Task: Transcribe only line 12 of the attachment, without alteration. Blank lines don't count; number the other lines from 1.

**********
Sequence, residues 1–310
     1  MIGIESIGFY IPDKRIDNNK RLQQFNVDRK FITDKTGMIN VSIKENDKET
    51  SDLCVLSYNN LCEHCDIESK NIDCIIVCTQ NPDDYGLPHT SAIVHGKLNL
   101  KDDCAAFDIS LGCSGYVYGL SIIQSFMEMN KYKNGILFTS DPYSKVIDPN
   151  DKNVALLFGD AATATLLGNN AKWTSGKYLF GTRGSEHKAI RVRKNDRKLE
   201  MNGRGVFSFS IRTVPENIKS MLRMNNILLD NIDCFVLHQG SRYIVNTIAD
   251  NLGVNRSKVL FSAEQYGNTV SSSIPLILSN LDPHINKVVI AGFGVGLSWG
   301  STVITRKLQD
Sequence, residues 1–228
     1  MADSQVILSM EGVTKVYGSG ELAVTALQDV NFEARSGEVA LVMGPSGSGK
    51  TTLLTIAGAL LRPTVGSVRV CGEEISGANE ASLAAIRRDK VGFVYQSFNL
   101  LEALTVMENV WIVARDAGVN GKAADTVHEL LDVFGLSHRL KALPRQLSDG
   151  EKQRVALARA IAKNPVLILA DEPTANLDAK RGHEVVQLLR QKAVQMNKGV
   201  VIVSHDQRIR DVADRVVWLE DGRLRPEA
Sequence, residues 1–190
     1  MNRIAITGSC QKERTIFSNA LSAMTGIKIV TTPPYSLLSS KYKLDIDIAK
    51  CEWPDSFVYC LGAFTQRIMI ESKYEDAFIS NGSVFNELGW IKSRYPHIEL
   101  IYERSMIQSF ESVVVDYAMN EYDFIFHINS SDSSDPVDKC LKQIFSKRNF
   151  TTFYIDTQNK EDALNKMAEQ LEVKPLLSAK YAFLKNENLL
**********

   101  LEALTVMENV WIVARDAGVN GKAADTVHEL LDVFGLSHRL KALPRQLSDG